Michael Engler was an avid fan of “Downton Abbey” before he took a seat in the director’s chair for the long-running series. “I really knew every bit of it,” Engler recalls. He ultimately directed three episodes, plus the series finale in 2015, and now he’s returned to helm the much-anticipated “Downton Abbey” film, coming to theaters Sept. 20.
The full-length feature takes place in 1927 and follows the Crawley family and the servants at Downton Abbey as they prepare to welcome King George and Queen Mary to the Yorkshire estate. While the royal visit is the movie’s main event, the film also delves into the drama behind the scenes—both upstairs and downstairs—at the stately manor. There’s plenty of scheming, romance, repartee, and, of course, enviable costumes.
Fans will be delighted that the award-winning show’s beloved principal cast members have all returned for the big-screen follow-up. The task of wrangling the actors’ schedules, though, was a tall order.
“The amazing success of ‘Downton’ changed so many people’s lives and careers that they were just all so busy and all over the world,” explains Engler. For instance, Lesley Nicol, who plays the cook Mrs. Patmore, was splitting her time between sets in England and India, where she was shooting a television series.
Reconvening the cast and crew at Highclere Castle to shoot the film “had the atmosphere of a family reunion, in the best sense,” Engler says. The film also welcomed some new faces, including Stephen Campbell Moore, David Haig, Geraldine James, Simon Jones, Tuppence Middleton, Kate Phillips, and Imelda Staunton. “They knew they were being invited onto a very winning team, and so they didn’t want to be the one who turned out to not fit in somehow,” says Engler of the nervous newcomers. “But it couldn’t have been a more welcoming group.”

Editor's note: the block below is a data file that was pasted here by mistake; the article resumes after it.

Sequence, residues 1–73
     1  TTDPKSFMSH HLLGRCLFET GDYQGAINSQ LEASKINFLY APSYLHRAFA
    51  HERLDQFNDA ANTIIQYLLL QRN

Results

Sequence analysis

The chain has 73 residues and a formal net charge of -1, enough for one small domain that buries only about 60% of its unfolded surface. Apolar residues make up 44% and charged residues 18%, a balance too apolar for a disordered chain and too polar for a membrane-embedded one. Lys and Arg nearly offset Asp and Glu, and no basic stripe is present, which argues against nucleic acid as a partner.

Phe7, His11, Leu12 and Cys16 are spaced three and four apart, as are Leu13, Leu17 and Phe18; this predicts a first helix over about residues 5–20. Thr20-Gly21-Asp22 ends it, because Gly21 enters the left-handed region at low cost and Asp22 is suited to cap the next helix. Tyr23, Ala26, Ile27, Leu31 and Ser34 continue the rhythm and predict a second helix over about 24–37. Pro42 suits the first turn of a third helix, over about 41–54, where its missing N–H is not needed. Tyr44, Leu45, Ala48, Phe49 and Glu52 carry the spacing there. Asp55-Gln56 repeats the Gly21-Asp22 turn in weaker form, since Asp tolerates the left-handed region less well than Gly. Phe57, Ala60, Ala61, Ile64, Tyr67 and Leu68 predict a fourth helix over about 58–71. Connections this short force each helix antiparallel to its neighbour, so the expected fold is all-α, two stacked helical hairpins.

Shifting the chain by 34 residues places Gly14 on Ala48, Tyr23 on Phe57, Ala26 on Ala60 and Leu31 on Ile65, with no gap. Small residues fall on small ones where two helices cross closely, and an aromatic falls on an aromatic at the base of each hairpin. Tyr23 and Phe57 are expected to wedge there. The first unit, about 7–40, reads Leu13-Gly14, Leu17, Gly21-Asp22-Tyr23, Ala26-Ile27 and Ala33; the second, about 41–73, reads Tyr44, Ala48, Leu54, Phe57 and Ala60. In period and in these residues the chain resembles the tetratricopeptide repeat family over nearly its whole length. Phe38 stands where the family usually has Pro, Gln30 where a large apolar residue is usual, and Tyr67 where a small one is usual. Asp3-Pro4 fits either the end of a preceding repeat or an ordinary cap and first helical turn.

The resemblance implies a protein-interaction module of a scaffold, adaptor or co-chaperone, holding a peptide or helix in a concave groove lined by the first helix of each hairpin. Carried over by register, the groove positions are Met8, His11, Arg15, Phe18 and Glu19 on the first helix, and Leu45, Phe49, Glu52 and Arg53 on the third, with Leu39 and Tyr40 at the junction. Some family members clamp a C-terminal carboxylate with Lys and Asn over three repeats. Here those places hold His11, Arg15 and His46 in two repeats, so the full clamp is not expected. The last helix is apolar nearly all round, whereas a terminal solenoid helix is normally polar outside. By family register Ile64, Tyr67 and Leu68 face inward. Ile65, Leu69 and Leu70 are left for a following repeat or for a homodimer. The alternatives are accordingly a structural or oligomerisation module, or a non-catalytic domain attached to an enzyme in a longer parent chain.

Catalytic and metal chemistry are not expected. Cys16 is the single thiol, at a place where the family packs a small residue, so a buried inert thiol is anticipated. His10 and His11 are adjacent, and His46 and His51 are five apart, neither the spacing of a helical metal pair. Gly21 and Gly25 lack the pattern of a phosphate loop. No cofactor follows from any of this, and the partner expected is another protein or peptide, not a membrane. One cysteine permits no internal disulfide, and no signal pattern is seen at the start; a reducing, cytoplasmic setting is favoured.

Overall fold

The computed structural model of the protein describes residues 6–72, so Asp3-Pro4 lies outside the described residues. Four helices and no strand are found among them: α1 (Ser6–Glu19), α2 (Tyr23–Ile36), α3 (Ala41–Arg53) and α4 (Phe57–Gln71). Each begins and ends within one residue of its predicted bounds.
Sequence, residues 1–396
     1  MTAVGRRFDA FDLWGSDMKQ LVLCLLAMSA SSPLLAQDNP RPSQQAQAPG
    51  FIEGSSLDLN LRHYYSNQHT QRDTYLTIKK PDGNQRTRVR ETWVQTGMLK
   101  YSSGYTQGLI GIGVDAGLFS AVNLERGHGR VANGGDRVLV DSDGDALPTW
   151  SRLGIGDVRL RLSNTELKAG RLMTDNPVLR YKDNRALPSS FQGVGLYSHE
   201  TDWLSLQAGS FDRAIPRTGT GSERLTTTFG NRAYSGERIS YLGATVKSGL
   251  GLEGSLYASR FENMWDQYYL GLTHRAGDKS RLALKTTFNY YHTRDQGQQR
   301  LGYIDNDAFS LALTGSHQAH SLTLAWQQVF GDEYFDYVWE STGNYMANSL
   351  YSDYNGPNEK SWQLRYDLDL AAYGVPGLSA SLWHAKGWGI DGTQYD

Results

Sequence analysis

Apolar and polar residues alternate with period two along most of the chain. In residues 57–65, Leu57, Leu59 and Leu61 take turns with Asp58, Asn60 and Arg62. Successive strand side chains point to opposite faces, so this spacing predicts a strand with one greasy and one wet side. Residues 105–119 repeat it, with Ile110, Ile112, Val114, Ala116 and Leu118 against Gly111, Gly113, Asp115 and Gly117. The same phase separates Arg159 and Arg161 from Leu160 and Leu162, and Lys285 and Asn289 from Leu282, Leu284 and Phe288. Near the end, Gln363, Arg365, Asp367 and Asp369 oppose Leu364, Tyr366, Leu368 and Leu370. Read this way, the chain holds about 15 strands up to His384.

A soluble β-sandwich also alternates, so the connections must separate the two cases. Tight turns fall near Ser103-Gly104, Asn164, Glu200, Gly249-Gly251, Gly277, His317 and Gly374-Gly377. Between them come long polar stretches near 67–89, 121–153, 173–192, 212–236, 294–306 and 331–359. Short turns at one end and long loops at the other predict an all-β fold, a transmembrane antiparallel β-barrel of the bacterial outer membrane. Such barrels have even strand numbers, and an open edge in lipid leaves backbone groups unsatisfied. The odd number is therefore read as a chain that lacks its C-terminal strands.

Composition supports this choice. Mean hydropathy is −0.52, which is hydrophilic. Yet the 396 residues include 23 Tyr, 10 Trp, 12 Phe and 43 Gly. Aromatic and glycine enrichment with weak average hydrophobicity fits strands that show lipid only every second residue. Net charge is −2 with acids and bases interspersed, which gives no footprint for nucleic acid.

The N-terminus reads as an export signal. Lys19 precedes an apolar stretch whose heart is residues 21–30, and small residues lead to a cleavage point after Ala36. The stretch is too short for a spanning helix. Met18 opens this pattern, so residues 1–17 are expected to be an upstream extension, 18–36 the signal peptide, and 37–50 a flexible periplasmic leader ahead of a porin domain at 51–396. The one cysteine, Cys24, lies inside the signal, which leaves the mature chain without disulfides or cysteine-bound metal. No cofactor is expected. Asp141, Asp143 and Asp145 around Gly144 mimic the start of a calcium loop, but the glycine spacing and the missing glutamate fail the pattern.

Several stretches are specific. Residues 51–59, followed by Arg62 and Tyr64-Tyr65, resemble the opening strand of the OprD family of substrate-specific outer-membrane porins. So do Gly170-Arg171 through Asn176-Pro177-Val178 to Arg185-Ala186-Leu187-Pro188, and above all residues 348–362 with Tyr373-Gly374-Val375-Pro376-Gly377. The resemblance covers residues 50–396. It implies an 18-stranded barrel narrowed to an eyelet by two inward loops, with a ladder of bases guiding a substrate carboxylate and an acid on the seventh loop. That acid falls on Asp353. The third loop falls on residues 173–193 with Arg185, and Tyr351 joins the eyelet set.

As an American, Engler was also nervous at first to join the “Downton Abbey” team. He worked with the show’s historian, Alastair Bruce, to learn about the social hierarchy and expected mannerisms in early 20th-century England. Engler’s outsider perspective proved surprisingly beneficial, and he found along the way that the “Downton Abbey” world transcends its time period and culture.
“The reason I love this show, and why it has millions of fans all over the world, is because it is so universal,” he says. “The relationships, the stories, the family, the workplace situations, and being committed to making something bigger than yourself run smoothly.”
There were challenges transferring the “Downton Abbey” saga to the big screen, however, the biggest of which was breaking out of the rhythm of episodic storytelling. Television tends to move more quickly and leave viewers with unanswered questions, explains Engler, whose TV credits include “Unbreakable Kimmy Schmidt” and “30 Rock,” among others. The format of the TV series allowed for the members of the large ensemble to each have individual storylines, which sometimes stretched over numerous episodes. Here, the two-hour film weaves together multiple subplots that each connect to the film’s overarching storyline about the royal visit. “It’s a masterful piece of writing,” Engler says of Julian Fellowes’ script.
The show’s swelling theme song and sumptuous design had a cinematic feel, but the film ups the ante. “Visually, [the show] had that richness, that scale of life, the detail, and the gloss of things, you know?” says the director. “The houses, the costumes, the props—everything. And so the question was, how do we play with it, both as filmmakers and storytellers, in ways that it can feel like it can earn its place on the big screen?”
Engler notes that the film is more stylistically varied and cinematically playful, and it raises the stakes visually. “We’re going to give you things we could never have given you on television.”
While there are no current plans for future “Downton Abbey” projects, the cast and crew were grateful for the opportunity to reconnect for the film. “It is probably the greatest honor of my life, professionally,” Engler says of being asked to come back and direct. He advises emerging directors to surround themselves with people whose work they admire, and to share their interest in projects. “I’m often surprised at how open people are when you express your passion for a project…. People are often willing to take a risk because of that.”
Ten years ago, Engler couldn’t imagine working on “Downton Abbey,” he admits. “I dreamed of it, but I couldn’t imagine it happening. I just said, ‘This is something I want to do. Is there a way to do it? Is it ridiculous, or would somebody consider it possible?’ I think because I pursued it in that way, it happened.”
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